Whatever its other accomplishments, Henry Kissinger’s new book, On China, ought to cause serious reconsideration of that now-familiar refrain, “China-is-the-lead-country-of-the-future.” Kissinger’s analysis of Chinese history has been criticized, as has his reticence about evils like the massacres at Tienanmen Square. But his conclusion—that China’s future depends on the resolution of the conflict between those of its leaders who want to maintain totalitarian political control at all costs and those who want to complete the country’s remarkable economic development with a genuine opening toward democratic governance—strikes me as a fair summary of the situation. And it should give no comfort to the China-Is-Inevitably-Number-One crowd. A country that conflicted about its political future is an unlikely contender for world supremacy.
The current division with the Chinese political leadership will also be of interest to the Holy See. In Rome, some Vatican diplomats have long advocated a fast march toward full diplomatic relations with the Beijing government; others have urged a more measured approach, which has been the path chosen by both John Paul II and Benedict XVI. The latter seem to me to have the better of the argument. Indeed, it is not easy to see any advantage to the Catholic Church in quickly closing a diplomatic deal with the Peoples Republic of China, ruled as it is today, and for three reasons.
1. The current regime cannot be trusted to keep its word. For some time, a modus vivendi was in place between the Vatican and Beijing on the appointment of bishops. It was never codified, but everyone knew the basic rules of the road: no bishops are to be ordained without the tacit approval of the Holy See. The regime brazenly broke that working agreement late last year, going so far as to drag one elderly Chinese bishop by his hair to an illicit episcopal ordination. There is no reason to think that formal diplomatic relations between the Holy See and the PRC will resolve this bottom-line issue of the Church’s independence to control its own life; that issue has to be resolved before any diplomatic deals are concluded.
2. Diplomatic relations with Beijing means severing diplomatic ties with Taiwan. Taiwan is the first Chinese democracy in history; the Catholic Church has made clear for three decades now that, under modern conditions, democracy is morally superior to other forms of governance, most certainly including totalitarianism. For the Holy See to throw a Chinese democracy over the side while embracing Chinese totalitarians would raise grave questions about the Church’s commitments to human rights and democracy. The struggle that Kissinger describes over China’s future must be farther along the road toward a resolution in favor of the reformers before diplomatic relations between the Holy See and China make sense—not least because that kind of resolution could render the Taiwan issue moot.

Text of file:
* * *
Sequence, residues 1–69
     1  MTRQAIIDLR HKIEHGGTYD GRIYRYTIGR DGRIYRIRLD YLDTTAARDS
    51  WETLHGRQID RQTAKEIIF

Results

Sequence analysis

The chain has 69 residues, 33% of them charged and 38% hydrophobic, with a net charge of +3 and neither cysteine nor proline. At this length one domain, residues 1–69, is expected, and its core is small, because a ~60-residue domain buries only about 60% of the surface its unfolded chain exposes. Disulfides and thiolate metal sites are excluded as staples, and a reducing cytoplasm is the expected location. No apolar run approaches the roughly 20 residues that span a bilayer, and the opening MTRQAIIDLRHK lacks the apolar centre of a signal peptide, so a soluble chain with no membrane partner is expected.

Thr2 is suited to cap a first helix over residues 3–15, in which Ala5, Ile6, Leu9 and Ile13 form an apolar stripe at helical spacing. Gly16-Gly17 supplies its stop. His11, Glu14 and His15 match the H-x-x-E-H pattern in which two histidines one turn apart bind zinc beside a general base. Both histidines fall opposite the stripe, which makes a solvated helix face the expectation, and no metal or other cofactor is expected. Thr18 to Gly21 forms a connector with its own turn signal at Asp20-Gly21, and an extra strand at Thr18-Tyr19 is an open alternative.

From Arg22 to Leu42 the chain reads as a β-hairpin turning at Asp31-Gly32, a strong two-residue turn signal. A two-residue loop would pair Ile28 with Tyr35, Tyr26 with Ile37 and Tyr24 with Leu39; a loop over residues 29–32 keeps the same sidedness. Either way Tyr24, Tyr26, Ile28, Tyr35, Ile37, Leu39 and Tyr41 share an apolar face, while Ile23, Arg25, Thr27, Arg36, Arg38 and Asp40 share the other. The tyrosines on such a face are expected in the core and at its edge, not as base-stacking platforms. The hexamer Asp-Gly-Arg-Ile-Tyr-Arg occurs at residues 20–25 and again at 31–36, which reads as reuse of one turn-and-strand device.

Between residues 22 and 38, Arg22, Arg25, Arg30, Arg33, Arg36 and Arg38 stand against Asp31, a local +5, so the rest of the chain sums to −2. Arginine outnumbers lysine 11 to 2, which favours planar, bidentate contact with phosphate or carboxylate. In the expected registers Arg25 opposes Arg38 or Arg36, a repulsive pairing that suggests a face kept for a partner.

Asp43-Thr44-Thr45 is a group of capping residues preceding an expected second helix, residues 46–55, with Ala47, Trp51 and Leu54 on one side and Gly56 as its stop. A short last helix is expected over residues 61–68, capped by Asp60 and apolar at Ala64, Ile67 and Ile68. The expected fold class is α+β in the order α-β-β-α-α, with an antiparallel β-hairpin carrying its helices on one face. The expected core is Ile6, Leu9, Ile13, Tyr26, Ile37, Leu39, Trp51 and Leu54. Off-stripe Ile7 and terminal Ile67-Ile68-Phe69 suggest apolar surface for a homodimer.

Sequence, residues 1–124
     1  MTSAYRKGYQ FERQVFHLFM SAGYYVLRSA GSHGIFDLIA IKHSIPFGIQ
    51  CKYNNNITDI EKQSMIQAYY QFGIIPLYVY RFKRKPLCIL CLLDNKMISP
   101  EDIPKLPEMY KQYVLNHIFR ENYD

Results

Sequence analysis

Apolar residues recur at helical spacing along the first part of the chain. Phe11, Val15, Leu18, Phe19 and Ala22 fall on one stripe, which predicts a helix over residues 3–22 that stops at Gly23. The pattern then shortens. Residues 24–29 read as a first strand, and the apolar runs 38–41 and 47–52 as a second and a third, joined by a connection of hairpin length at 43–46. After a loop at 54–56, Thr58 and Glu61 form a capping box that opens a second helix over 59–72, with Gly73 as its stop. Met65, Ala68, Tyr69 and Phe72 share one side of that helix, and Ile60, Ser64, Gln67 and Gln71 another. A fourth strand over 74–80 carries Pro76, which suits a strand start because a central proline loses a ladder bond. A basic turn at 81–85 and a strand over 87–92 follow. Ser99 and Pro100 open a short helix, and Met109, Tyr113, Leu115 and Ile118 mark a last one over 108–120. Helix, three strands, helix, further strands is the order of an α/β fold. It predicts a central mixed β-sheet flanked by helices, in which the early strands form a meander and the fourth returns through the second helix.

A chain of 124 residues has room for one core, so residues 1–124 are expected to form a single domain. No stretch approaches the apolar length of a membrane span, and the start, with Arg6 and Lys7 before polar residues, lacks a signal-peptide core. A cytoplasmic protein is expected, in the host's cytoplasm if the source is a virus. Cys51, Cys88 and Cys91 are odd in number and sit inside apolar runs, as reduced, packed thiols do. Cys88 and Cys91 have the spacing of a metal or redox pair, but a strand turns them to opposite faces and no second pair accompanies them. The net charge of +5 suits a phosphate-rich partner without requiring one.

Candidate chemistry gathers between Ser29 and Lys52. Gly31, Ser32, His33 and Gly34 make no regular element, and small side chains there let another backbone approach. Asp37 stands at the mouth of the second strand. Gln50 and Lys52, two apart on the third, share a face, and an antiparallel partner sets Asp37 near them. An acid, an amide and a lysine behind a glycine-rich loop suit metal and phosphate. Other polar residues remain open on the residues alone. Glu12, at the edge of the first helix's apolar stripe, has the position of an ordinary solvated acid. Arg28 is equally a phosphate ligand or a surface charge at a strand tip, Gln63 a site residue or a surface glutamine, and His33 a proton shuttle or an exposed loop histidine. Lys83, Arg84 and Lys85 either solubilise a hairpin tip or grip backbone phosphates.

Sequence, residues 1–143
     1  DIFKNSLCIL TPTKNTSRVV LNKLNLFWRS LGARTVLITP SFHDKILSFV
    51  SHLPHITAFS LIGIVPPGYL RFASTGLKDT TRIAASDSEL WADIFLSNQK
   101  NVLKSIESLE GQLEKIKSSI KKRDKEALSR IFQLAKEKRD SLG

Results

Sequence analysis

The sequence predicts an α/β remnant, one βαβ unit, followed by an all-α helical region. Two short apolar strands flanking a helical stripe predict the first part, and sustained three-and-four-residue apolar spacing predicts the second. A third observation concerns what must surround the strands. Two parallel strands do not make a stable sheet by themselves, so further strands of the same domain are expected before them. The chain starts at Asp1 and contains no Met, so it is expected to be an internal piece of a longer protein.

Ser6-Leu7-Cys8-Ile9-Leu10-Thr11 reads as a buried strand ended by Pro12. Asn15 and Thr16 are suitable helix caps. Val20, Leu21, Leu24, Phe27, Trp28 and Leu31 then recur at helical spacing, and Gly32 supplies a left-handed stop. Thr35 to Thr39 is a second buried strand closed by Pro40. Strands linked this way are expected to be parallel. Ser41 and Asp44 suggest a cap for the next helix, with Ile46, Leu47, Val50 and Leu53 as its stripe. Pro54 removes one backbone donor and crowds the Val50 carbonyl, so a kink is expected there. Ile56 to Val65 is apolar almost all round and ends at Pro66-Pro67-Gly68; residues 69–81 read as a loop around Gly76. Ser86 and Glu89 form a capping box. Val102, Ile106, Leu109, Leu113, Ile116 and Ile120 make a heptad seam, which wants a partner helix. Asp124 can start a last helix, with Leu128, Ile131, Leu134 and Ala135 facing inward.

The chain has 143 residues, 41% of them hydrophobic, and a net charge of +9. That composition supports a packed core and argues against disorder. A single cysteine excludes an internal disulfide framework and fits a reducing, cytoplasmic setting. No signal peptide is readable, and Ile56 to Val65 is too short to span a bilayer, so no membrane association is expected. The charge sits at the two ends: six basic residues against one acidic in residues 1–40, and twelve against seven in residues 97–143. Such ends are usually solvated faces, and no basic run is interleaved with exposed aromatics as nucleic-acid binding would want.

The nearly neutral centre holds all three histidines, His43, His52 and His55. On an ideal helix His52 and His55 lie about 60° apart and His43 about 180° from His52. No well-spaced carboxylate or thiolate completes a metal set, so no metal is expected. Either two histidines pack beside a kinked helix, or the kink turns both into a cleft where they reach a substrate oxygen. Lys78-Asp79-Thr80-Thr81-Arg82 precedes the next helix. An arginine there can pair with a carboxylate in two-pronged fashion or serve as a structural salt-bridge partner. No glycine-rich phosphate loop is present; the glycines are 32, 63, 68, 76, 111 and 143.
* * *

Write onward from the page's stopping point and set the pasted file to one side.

3. Diplomatic relations with Beijing under current circumstances could well impede the Church’s evangelical mission in the China of the future. There is serious persecution of Christians in China. Yet, if and when China finally opens itself fully to the world, China is likely to become the greatest field of Christian mission since the Europeans came to the western hemisphere in the 16th century. If the Catholic Church is seen as an ally of the old regime in the period immediately after the old regime falls, the Church’s missionary efforts are going to be seriously compromised. Evangelical Protestants and Mormons, who are gearing up for major missionary efforts in China when that becomes possible, don’t have to worry about such linkages being drawn. The Catholic Church should not put itself at a disadvantage in the missionary China of the future by its diplomatic actions today.
The Catholic Church is two thousand years old; the current Chinese regime took power in 1949. The Church can afford to wait. Keeping the pressure on, especially about religious freedom and the free appointment of bishops, is more important now than a nunciature and a Vatican ambassador in Beijing.
George Weigel is Distinguished Senior Fellow and William E. Simon Chair in Catholic Studies at the Ethics and Public Policy Center.
This article was originally published on The Catholic Difference